Slowly an experiment started to take shape in my mind. I had these two Big Fat Fantasies, after all, together close to 400,000 words. But in the era of ebooks, when the reader can’t judge a book by how heavy it is in her hand, books seem to be getting shorter. And while the true short story has yet to make a comeback, readers appear to be increasingly accepting of novella-length books. (This is all totally subjective and unscientific, so don’t quote me on it.)

Anyway, as a result of these observations, I have decided to launch an experiment. I am going to take the four books of Yseult apart — which, btw, is how I organized the novel long before the advent of ebooks — and offer them separately. I will try to make the first book free on Amazon as quickly as possible. Here is the pricing structure I’m considering for the serial version:

Part I: FREE
Part II: 99c (my take, 30c)
Part III: 2.99 (my take $2)
Part IV: 2.99 (my take $2)

My goal is not to make more money than with the complete novel, although that is what would happen if readers were only to buy the individual parts. But when I do this, I do not intend to unpublish Yseult. That will still be available for 4.99 for anyone who is enjoying the series enough to want to buy the novel. Mostly I’m just hoping that with parts 1 & 2 at free and 99c respectively, a few more readers will try out the series.

So recently I’ve been working on a template for the covers of the individual episodes. I wanted to use the cover of Yseult as a basis, to make sure that no one bought any of the episodes thinking it was a new story in The Pendragon Chronicles. At the same time, the covers should be distinctive enough to stand out from each other. Given those considerations, here’s the template I came up with for the series:

Yseult template

And here’s my first attempt at a single title:

Yseult-Part-1

My thought is to use different colors beneath the “celtic fringe” *g* on the left / west side of the cover as a visual signal of the differences between the books. And now, as I write this, it occurs to me that the color for the first book, which takes place in Ireland / Eriu, should be a dark green rather than the dark purple I have now. *g*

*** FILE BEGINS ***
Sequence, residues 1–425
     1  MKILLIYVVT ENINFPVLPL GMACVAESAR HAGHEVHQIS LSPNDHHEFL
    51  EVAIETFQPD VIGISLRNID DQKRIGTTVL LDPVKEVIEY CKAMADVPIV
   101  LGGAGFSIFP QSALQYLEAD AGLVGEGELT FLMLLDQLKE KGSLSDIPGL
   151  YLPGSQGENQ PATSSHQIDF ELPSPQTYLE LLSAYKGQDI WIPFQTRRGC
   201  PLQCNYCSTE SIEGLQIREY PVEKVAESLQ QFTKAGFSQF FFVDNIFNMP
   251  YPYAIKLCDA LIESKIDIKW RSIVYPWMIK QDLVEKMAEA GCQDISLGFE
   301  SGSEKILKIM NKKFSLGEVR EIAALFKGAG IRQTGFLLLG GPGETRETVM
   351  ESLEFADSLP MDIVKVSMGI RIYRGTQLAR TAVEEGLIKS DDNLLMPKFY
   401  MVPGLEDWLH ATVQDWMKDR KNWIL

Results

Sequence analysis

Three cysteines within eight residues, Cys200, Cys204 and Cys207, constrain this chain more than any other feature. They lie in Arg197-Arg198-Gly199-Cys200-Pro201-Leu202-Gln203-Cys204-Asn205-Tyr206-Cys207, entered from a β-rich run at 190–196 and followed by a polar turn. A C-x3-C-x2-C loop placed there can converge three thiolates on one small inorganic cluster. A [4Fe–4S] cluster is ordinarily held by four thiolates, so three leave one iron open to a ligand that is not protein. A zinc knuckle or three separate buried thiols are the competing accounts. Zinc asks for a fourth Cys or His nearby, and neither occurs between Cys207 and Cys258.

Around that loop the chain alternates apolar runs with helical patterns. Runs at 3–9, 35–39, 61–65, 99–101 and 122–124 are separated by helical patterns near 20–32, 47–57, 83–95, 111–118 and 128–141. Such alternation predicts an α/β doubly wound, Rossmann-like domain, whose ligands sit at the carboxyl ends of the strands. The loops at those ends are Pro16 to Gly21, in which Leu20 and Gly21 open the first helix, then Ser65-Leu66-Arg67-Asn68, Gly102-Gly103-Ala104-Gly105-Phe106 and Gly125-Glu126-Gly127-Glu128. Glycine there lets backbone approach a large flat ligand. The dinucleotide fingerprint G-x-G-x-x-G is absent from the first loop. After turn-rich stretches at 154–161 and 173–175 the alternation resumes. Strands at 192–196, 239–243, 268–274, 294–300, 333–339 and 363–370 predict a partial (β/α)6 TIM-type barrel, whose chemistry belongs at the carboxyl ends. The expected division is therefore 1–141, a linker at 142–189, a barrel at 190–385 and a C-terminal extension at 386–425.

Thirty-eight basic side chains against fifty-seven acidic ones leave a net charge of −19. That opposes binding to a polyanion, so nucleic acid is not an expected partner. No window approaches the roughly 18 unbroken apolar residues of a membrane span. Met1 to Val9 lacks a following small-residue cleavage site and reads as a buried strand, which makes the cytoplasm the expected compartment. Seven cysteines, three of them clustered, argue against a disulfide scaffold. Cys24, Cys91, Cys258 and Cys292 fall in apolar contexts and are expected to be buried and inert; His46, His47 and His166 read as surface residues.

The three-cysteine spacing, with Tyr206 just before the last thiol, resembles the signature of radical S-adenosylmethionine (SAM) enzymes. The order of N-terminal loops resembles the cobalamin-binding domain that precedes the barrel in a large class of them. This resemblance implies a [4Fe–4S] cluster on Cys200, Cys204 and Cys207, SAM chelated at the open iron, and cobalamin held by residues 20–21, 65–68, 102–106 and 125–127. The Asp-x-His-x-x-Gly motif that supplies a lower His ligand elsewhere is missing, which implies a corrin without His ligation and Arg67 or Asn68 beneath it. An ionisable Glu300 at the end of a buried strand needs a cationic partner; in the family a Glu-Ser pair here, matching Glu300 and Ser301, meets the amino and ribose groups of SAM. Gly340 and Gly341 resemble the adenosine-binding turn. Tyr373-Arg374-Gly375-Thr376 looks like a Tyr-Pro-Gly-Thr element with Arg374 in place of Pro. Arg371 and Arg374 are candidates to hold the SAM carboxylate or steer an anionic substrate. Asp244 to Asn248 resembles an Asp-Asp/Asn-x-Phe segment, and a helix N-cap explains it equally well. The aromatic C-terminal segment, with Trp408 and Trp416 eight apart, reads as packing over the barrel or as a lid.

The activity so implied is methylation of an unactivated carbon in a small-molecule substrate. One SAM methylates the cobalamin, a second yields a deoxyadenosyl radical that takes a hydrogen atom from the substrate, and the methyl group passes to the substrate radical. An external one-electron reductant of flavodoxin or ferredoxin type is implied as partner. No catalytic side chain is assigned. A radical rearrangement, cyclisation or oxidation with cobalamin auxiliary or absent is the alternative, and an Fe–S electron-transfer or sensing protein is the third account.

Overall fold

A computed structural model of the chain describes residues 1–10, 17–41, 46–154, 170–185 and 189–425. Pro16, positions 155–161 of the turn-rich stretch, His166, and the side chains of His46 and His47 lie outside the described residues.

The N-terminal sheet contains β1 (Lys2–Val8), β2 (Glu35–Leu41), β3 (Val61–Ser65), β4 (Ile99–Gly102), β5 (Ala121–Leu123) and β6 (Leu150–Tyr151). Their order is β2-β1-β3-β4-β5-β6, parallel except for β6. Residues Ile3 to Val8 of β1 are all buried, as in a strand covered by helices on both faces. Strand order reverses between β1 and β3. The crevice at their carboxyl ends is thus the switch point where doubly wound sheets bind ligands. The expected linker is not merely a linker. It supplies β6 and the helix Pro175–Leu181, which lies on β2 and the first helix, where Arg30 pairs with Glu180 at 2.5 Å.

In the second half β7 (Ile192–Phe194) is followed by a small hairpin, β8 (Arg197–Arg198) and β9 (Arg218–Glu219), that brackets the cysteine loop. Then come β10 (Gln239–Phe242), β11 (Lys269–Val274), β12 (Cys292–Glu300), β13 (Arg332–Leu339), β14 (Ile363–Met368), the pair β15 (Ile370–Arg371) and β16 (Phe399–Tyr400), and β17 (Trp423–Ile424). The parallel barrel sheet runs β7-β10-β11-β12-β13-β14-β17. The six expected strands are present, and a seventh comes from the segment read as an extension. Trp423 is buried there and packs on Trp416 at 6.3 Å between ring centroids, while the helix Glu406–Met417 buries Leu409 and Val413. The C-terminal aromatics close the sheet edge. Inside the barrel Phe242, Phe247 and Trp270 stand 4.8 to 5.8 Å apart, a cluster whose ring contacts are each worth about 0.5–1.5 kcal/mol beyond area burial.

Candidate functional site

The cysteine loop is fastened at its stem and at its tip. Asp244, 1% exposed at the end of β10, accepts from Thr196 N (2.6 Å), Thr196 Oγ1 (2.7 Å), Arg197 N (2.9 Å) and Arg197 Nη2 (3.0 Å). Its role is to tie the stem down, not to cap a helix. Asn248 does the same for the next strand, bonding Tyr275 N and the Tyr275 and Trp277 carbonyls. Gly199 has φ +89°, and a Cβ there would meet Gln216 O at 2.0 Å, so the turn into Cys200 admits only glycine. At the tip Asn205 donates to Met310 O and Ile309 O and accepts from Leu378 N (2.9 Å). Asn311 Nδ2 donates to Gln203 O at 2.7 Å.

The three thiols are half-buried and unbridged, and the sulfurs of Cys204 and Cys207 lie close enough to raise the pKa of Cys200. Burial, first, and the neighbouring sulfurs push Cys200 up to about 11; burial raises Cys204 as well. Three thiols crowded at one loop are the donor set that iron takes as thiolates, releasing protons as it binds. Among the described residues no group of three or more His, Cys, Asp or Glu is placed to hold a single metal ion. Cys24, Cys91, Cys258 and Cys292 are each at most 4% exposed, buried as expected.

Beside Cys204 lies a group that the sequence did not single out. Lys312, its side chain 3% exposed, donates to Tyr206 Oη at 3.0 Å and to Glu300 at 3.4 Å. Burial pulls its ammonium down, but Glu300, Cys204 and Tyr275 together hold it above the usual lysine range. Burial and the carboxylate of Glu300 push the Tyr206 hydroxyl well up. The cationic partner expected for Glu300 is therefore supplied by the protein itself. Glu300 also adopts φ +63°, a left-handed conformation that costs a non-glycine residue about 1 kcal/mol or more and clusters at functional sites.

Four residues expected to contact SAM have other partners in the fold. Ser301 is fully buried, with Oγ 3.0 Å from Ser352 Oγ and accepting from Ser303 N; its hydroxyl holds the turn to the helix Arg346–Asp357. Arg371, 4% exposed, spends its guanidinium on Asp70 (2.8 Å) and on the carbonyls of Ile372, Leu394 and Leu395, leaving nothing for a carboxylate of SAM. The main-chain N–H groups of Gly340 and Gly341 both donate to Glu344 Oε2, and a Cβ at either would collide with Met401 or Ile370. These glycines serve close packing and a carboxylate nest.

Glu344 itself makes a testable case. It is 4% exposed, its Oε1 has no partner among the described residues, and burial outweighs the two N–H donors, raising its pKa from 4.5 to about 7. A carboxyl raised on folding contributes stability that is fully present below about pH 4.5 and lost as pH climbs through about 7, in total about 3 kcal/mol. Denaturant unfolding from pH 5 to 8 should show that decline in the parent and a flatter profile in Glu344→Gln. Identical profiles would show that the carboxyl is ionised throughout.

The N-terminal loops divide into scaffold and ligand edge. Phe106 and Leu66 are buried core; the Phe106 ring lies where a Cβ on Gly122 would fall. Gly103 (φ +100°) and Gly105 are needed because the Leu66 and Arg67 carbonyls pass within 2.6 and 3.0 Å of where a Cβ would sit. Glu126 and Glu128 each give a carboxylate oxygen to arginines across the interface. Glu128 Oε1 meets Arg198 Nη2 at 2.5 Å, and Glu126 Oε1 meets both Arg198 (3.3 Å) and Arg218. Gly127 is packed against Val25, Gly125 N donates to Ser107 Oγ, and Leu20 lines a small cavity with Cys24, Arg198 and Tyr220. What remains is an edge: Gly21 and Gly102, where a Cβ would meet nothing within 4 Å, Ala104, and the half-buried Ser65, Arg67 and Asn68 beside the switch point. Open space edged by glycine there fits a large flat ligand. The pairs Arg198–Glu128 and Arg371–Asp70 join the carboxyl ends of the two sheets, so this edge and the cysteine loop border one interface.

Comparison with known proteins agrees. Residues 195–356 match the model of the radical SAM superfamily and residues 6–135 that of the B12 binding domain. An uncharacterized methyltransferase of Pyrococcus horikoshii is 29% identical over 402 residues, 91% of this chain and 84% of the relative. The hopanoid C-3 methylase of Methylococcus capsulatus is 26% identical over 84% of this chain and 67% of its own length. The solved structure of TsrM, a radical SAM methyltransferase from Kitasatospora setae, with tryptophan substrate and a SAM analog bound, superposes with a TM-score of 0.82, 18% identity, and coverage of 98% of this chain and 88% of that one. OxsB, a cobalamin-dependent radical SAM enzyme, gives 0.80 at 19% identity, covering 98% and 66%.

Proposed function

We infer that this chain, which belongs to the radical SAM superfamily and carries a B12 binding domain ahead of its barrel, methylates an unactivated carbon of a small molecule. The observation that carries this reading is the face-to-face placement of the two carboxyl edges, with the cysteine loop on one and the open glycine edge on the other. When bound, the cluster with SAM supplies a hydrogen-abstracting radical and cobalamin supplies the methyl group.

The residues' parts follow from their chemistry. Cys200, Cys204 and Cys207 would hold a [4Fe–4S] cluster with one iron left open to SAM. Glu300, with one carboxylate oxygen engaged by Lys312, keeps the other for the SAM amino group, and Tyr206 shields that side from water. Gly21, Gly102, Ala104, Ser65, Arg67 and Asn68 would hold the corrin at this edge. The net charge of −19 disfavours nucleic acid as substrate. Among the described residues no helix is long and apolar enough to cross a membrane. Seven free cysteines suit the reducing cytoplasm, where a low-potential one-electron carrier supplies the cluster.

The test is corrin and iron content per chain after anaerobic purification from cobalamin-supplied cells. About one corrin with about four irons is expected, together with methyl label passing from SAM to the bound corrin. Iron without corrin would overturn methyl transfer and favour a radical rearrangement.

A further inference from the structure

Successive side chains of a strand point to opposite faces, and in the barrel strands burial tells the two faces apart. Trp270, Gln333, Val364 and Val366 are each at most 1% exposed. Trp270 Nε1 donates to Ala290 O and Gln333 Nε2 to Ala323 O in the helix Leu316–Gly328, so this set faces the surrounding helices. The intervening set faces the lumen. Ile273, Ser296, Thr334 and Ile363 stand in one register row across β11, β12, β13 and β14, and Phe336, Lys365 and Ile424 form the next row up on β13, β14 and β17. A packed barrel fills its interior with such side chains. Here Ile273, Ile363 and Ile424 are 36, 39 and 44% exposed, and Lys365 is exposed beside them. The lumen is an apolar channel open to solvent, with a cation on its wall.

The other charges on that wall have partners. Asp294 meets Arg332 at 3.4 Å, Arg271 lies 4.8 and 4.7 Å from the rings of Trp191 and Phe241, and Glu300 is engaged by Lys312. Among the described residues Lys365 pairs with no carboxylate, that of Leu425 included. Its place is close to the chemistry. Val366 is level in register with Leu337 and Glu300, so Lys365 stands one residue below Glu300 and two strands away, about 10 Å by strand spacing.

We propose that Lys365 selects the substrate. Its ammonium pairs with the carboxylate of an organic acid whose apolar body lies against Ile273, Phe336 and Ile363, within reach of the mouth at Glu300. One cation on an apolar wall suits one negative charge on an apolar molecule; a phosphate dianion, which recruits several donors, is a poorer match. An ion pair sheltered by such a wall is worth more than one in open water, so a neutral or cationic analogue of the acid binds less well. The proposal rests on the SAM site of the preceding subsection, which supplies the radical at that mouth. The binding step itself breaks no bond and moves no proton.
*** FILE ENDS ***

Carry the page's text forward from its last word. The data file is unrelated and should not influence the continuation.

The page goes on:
Anyway, I welcome any thoughts / feedback you have in the comments below!

I might land flat on my face with this experiment, but I’m not out of much more than a couple days worth of work making the new covers, formatting the individual sections, and uploading them to the various venues. Wish me luck. 🙂 And do please let me know what you think!

Calleva / Silchester

Calleva / Roman Silchester

On Monday, my last day of sightseeing / research before heading off for the wedding festivities, I wasn’t quite sure if I should even attempt to see Calleva (Roman Silchester). The blister on my little toe hurt, and I was not looking forward to the prospect of hiking for miles along country lanes in search of old rocks. Maybe I should just head south to the coast, I thought, take a day off and just enjoy the seaside. I’d already seen plenty of sites for The Pendragon Chronicles, and I wasn’t even sure if I was going to use the setting of post-Roman Calleva in A Wasted Land.

But then, when would the next chance come along for me to try to find Calleva? So off I went to Basingstoke again.